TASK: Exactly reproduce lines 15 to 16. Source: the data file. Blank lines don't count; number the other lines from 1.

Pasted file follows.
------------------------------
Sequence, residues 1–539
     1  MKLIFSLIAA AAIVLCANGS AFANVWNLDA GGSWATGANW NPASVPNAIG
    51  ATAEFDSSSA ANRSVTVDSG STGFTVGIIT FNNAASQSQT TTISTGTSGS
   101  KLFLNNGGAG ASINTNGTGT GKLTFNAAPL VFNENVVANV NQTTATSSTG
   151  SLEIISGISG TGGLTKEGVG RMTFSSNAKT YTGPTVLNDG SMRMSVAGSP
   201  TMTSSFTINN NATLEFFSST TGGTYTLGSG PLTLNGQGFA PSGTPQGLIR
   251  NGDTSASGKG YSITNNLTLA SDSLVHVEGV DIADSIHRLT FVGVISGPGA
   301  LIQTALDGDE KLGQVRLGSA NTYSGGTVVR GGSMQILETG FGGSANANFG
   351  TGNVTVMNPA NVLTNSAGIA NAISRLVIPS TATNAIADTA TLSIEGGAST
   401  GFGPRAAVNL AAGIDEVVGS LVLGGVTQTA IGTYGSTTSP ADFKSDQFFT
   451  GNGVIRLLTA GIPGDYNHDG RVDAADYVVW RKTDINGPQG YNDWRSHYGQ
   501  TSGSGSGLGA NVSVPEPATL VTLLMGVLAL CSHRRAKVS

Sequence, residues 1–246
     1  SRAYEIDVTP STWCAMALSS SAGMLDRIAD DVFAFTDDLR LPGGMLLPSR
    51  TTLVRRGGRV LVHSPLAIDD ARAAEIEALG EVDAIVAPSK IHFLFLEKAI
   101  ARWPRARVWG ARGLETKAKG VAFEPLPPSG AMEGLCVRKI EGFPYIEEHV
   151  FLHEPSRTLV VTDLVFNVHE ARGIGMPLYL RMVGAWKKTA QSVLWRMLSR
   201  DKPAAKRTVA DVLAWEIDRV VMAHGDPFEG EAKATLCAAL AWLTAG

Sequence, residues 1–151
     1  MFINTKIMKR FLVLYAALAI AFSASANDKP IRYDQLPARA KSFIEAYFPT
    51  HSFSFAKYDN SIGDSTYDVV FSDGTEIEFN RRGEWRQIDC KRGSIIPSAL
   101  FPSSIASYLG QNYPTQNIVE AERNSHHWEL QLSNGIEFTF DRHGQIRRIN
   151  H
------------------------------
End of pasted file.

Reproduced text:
    51  TTLVRRGGRV LVHSPLAIDD ARAAEIEALG EVDAIVAPSK IHFLFLEKAI
   101  ARWPRARVWG ARGLETKAKG VAFEPLPPSG AMEGLCVRKI EGFPYIEEHV